Descartes’ Bones: A Skeletal History of the Conflict Between Faith and Reason
by Russell Shorto
Russell Shorto has taken a unique approach to the conflict between science and religion; he has traced it to its origin in the philosophy of Rene Descartes, and using Descartes’ corpse followed the repercussions of the dead man’s ideas on Western civilization. The book is a history of the evolution of philosophy and the emergence of the idea that reason and religious faith were separate entities, a concept Descartes did not come up with, but without his groundwork someone else may never have come to that conclusion.
I had expected this book to be a bit of a mystery, a bit of adventure as Shorto hunted for the remains of Descartes and traced the bones through the years that they were moved by governments, disassembled by relic seekers, interred in monuments and displayed in museums. No such luck. Descartes’ remains have crumbled to powder and disappeared, leaving only his skull behind. Instead the book is a history of Descartes’ ideas. It follows his philosophy through the genesis, rise and fall of Cartesianism, the Enlightenment, and on through the modern era. In a way, the book is a history of the rise of science as an entity unique unto itself, and discusses some of the ‘failed’ sciences like phrenology, which used Descartes’ skull to prove and disprove its theories. The creation of scientific societies, autopsies, and even the evolution of forensics are also covered in detail.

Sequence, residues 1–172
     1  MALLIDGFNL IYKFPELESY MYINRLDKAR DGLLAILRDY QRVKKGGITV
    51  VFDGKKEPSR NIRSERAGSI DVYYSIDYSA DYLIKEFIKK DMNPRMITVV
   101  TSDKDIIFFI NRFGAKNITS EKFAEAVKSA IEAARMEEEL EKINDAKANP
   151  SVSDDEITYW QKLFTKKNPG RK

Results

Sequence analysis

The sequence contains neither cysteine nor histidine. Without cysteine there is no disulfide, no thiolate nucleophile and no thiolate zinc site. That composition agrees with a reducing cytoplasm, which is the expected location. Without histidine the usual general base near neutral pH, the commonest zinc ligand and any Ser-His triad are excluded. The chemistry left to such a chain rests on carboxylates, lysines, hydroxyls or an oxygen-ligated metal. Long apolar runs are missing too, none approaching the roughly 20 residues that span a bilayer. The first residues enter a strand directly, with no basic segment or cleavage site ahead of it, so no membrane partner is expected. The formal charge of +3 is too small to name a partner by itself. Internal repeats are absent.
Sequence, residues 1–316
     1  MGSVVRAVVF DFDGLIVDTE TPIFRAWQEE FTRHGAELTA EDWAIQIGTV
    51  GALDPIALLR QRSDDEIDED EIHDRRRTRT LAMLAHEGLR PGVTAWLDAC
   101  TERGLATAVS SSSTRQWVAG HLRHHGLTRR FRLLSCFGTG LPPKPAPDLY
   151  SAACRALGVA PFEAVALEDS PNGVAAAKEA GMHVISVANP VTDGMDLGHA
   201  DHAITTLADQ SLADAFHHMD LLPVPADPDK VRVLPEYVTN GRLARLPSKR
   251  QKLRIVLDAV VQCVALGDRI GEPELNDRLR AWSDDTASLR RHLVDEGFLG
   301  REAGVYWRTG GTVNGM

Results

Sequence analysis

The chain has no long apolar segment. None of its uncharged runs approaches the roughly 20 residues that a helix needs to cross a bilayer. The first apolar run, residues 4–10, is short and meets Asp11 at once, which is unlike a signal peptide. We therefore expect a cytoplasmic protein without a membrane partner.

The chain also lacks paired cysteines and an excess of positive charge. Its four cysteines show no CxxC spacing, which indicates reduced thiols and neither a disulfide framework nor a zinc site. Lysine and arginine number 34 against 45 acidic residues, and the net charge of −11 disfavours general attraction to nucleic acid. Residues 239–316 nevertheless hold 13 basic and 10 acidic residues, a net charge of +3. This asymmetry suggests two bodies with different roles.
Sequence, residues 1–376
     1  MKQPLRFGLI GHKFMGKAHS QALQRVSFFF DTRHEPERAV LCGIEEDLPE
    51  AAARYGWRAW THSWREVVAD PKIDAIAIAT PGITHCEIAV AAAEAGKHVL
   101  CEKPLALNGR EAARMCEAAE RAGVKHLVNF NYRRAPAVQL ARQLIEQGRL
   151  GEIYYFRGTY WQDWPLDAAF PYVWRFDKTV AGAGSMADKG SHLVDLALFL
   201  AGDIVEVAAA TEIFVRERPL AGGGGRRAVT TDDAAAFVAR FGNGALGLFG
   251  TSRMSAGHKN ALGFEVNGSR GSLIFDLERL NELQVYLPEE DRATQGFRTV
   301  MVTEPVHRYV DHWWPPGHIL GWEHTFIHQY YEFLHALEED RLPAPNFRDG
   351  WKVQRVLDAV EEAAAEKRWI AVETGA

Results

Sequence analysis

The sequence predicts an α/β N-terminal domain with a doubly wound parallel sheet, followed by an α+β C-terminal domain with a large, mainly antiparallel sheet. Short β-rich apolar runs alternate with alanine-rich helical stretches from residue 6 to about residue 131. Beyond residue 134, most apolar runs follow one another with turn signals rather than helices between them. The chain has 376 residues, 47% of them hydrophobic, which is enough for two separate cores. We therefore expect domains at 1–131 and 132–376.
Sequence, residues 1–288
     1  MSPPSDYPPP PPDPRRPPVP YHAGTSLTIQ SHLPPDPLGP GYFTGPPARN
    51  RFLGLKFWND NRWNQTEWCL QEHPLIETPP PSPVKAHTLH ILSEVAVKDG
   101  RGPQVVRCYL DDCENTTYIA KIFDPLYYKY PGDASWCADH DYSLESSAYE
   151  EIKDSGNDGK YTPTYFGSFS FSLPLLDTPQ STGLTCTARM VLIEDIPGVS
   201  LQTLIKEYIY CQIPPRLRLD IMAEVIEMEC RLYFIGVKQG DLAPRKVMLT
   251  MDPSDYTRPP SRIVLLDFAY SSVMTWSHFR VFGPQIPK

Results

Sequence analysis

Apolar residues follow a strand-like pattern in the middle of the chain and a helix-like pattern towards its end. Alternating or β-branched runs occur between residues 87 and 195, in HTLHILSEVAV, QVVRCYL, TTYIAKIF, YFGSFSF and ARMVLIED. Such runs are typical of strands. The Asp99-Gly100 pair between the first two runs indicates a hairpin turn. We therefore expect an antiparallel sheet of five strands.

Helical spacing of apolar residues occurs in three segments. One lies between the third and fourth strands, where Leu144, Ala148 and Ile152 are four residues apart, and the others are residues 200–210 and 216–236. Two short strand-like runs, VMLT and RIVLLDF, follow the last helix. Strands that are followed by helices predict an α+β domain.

As a history of the conflict between science and evolution, Descartes’ Bones was quite interesting. But it’s not what I was expecting from the book at all. So I did feel quite disappointed, and to be honest I’m not sure it’s a book I would have picked up. The writing style is rather dry, and it reminded me of reading drafts of term papers in my English classes.
I don’t regret reading it though, and there are several readers that I know would be interested. So if it sounds appealing, go for it. Just keep in mind that the blurb on the back of the cover is rather deceptive:
In 1666, sixteen years after his death, the bones of Rene Descartes were dug up in the middle of the night and transported from Sweden to France under the watchful eye of the French ambassador. This was only the beginning of the journey for Descartes' bones, which, over the next 250 years, were fought over, stolen, sold, revered as relics, studied by scientists, used in séances and passed surreptitiously from hand to hand.
The bones are not the main focus of the book, only a thread used sporadically to tie Shorto’s ideas together.